Builders note: Change to your ‘taxable payments annual report’ lodgement

Employers in the building and construction industry need to be aware of a significant change in reporting requirements for your ‘taxable payments annual report’.

If your business is primarily in the building and construction industry, you have an ABN and you make payments to contractors in the building and construction services, you may need to report the total payments you make to each of your contractors for building and construction services by lodging a Taxable payments annual report (TPAR) with the Tax Office each year.

However a significant change announced by the Tax Office is that the report is now required by August 28, not July 21, as has been the case since the TPAR was introduced in the 2011-12 federal budget.Note that the same information is required (that is, for the income year just completed) but the lodgement date has moved.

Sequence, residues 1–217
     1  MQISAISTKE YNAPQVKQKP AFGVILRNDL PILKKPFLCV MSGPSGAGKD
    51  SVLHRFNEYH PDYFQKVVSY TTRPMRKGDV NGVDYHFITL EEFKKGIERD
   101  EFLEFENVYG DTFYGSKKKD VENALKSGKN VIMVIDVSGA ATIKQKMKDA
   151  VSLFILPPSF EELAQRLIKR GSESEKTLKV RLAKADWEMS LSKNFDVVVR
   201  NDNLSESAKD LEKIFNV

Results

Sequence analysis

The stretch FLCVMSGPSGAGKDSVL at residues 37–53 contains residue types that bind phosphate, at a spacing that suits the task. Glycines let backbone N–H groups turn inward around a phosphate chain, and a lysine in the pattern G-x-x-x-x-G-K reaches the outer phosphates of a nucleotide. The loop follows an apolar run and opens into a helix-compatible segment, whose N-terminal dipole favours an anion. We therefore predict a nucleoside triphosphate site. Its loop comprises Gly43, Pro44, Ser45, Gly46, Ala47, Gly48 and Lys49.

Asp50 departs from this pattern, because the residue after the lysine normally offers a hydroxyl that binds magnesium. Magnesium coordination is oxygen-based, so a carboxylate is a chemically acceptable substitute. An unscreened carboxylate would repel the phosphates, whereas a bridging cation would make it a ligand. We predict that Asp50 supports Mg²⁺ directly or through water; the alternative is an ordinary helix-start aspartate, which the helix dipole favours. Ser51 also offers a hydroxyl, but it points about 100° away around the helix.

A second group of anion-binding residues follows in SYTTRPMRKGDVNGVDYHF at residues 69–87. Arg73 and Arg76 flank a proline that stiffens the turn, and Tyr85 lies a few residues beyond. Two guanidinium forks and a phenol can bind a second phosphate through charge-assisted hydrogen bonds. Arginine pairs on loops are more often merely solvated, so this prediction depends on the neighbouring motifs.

A business in the building and construction industry needs to report if all of the following apply:

  •     you are a business that is primarily in the building and construction industry
  •     you make payments to contractors for building and construction services
  •     you have an Australian business number (ABN).

Activities covered
The Tax Office says ‘building and construction services’ includes the following activities if these are performed on or in relation to a building or structure, other works, or surfaces or sub-surfaces:

Alteration Destruction Improvement Organisation*
Assembly Dismantling Installation Removal
Construction Erection Maintenance Repair
Demolition Excavation Management* Site preparation
Design Finishing Modification

* of building and construction services

See the Tax Office’s fact sheet for more information.

Australian Industry Report shows an economy in transition

The inaugural Australia Industry Report, which was released late last year, shows an economy being transformed.The flagship report by the Department of Industry’s Office of the Chief Economist provides a unique insight into the two million businesses that make up Australian industry (download the entire 220 page report, or a “highlights” version, here).